Anyone interested is welcome to scan the data offered at Case Net, or to go down to a Missouri courthouse and ask to look at some of these files. Beware that when I asked to look at four of these files at the St. Louis City Courthouse, the clerk told me that he was too busy to simply pull files to (in his words) “satisfy your curiosity.” I responded by reminding him that I was both an attorney and an interested citizen, and that I have a right to see these court files. He then complied.

Image by Vladek at Dreamstime.com (with permission)

Many of these cases involve bad checks for amounts less than $30, but the judgments, when added to the extra fees and costs, exceed $350.

I should make it clear that I have no problem with the Girl Scouts collecting money that they are owed by people who agree to buy cookies. On the other hand, I was surprised by the large amounts of money being sought by the debt collection law firms hired by the Girl Scouts.

For me, this serious financial penalty amounts to yet another reason that you should not buy Girl Scout cookies. If you’d like to support them, give them cash (not a check) and wish them well.

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Category: Court Decisions, Law

About the Author ()

Erich Vieth is an attorney focusing on consumer law litigation and appellate practice. He is also a working musician and a writer, having founded Dangerous Intersection in 2006. Erich lives in the Shaw Neighborhood of St. Louis, Missouri, where he lives half-time with his two extraordinary daughters.

Comments (3)

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  1. Leslie Santi says:

    Erich, great post! Thanks for putting this forward for people to see. I have to say that the last 2 seasons I bought girl scout cookies I couldn’t eat them after I read the ingredients, and the ones I did before noting them made my teeth ache! Mostly though, the idea that most of the money doesn’t reach the girl scouts anyway is perhaps the most relevant. (Plus what if you don’t have cash when they come by? No check writing for me, thanks.)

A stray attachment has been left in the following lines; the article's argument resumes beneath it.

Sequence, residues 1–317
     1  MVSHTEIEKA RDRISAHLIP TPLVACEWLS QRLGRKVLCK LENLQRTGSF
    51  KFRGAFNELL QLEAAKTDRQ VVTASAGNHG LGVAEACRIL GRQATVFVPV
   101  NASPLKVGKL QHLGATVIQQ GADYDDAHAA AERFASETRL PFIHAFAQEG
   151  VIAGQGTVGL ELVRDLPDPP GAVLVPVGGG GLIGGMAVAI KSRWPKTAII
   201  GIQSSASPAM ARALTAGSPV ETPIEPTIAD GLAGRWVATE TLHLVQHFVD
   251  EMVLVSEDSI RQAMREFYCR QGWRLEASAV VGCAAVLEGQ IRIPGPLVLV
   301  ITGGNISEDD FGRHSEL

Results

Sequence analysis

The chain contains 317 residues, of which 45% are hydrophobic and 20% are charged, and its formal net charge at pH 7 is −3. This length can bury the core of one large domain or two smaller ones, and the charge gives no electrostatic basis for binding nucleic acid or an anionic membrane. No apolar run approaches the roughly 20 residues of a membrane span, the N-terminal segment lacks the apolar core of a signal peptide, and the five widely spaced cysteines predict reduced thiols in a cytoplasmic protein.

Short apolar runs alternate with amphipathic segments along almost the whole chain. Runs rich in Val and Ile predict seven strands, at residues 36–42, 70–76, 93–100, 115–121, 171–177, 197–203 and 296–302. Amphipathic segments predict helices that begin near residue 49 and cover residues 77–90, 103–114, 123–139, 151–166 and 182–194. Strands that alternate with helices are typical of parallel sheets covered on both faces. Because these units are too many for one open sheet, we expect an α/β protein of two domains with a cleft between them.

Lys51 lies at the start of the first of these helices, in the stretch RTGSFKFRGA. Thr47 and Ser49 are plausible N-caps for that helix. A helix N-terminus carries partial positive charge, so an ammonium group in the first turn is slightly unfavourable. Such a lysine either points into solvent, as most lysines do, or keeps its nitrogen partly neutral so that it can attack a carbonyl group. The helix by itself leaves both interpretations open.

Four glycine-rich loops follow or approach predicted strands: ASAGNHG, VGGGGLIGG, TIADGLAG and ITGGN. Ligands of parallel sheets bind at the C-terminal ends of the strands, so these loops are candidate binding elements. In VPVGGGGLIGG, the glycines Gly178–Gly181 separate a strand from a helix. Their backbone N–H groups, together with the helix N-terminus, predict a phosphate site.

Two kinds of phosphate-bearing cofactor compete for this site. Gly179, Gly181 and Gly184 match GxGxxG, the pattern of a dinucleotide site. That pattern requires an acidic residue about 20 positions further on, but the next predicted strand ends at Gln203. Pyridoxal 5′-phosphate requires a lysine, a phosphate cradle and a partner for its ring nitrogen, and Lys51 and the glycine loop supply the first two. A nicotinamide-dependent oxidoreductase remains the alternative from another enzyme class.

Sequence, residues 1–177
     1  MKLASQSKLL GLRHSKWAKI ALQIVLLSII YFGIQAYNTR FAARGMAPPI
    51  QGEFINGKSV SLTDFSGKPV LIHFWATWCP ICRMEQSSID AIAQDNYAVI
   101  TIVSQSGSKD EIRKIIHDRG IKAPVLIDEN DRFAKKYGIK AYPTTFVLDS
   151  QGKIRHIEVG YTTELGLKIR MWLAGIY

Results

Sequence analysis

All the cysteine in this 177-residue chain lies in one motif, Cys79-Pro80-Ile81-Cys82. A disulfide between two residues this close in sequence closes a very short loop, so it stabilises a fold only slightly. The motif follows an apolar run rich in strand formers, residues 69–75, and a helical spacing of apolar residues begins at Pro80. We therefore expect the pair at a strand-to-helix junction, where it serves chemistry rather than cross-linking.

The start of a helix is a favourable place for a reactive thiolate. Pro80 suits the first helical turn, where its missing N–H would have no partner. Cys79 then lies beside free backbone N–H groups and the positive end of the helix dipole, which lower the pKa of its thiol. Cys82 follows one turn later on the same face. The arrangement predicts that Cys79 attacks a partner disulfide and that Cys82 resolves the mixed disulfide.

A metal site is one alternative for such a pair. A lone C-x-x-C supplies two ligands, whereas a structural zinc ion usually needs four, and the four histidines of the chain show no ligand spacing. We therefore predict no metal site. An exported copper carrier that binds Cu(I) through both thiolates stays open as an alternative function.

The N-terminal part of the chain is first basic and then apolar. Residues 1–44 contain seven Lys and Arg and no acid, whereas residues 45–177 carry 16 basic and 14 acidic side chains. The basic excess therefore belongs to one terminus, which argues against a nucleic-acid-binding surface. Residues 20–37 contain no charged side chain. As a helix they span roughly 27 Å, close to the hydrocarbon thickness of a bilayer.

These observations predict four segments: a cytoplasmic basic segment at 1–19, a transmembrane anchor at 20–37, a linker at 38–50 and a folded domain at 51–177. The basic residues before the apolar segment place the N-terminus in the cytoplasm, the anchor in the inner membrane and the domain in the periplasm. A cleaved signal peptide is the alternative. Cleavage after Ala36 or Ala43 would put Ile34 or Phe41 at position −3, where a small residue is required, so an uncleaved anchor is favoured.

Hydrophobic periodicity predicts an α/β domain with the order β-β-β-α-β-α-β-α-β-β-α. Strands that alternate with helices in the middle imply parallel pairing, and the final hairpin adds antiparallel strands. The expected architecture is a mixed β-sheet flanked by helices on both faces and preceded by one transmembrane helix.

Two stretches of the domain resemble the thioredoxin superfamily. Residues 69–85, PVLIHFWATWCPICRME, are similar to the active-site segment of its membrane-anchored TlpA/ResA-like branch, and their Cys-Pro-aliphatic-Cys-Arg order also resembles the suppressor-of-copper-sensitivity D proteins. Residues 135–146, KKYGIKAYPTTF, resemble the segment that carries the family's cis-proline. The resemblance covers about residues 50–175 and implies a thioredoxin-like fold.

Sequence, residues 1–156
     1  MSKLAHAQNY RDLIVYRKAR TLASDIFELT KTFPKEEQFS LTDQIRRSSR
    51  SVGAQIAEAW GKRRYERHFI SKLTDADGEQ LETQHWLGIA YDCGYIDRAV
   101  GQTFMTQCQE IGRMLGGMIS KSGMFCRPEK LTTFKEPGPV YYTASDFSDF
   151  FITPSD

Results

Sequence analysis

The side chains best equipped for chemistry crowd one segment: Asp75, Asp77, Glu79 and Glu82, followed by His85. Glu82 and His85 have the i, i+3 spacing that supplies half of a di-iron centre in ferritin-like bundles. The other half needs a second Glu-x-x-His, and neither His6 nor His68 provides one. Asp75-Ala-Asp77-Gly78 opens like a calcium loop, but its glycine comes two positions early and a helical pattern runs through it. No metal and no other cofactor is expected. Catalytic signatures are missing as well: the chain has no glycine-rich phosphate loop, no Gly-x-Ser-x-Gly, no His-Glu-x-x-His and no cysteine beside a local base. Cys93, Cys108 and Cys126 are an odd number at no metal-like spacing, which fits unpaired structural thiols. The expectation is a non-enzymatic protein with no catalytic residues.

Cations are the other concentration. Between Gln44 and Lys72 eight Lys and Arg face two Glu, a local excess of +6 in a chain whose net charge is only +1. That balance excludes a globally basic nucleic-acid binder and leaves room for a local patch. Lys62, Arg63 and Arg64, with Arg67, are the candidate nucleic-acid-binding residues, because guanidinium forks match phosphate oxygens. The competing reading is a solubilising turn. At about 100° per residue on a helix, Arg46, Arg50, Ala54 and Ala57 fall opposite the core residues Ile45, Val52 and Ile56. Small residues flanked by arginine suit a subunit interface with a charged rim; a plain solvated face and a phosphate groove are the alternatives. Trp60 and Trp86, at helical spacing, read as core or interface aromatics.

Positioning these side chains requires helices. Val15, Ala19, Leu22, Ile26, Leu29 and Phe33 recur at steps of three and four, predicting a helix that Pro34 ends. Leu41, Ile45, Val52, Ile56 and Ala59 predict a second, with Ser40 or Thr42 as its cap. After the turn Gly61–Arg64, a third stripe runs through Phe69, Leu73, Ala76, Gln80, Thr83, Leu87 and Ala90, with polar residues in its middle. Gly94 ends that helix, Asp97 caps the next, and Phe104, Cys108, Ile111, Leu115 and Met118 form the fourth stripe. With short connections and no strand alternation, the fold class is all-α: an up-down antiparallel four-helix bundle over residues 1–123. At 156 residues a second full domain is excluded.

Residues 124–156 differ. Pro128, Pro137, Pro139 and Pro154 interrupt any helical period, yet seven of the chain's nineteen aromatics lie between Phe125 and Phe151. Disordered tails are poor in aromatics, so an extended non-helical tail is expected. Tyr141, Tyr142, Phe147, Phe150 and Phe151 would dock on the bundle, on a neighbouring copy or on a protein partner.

Also thanks for stating your rights as a lawyer and citizen at the County Clerk. 🙂

  2. Annatar says:

    Actually, I don’t have a problem with this.

    It makes no sense to have a punishment that is the same or close to the amount of money that wasn’t paid, because that makes it an entirely viable strategy to always give a bad check. If a couple people don’t bother going after you, congratulations, you’ve come ahead.

    Proper punishment must be balanced. If too small it creates an incentive to always infringe and just handle the fines as a tax, like one of my bosses did with traffic tickets before the points system was instituted. If too large then it creates excessive damage to somebody who may be otherwise a valuable member of the society, up to the point of preventing good things they might have done otherwise.

  3. Tim Hogan says:

    One of the annual rites of suburbia is the latest younger female in the neighborhood going around and selling Girl Scout Cookies. I had long ago adopted the practice of just writing a check to the local troop, as only a small amount of cookie money went to the local efforts of the GSA.

    I enjoyed supporting my daughter in her efforts with the GSA, especially as the troop worked as volunteers to achieve a GSA Bronze Award by volunteering and collecting donations of food and other stuff for The Open Door Animal Shelter in House Springs Mo.

    Open Door is a No-Kill shelter which takes in dogs and cats and puts them up until adopted or they pass away. I had been going to the shelter with my kids and their friends since they could walk. Our family has found our two current cat friends, Spock and Kiss-Kiss, at Open Door. It was wonderful that our community could donate nearly $4,000.00 in food and supplies for the shelter. I especially commend the Schnuck’s Food Store in Des Peres MO and its managment and staff for making us welcome there and allowing a site for us to solicit donations.

    I think the GSA is a good organization and appreciate the lessons learned by my daughter and the girls in our neighborhood.